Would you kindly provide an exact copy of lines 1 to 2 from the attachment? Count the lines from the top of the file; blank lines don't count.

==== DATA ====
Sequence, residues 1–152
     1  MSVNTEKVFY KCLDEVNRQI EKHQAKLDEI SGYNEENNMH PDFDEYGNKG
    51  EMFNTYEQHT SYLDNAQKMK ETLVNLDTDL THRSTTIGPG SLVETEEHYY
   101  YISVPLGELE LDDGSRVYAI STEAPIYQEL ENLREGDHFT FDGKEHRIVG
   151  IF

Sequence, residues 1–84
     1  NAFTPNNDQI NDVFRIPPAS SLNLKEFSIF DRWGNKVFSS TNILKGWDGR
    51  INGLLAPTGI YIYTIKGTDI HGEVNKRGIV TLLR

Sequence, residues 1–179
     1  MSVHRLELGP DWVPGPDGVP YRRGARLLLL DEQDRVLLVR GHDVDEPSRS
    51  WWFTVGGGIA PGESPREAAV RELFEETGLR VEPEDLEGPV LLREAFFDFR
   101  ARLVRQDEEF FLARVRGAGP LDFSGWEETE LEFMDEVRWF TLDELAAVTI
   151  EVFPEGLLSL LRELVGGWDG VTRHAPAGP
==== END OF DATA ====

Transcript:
Sequence, residues 1–152
     1  MSVNTEKVFY KCLDEVNRQI EKHQAKLDEI SGYNEENNMH PDFDEYGNKG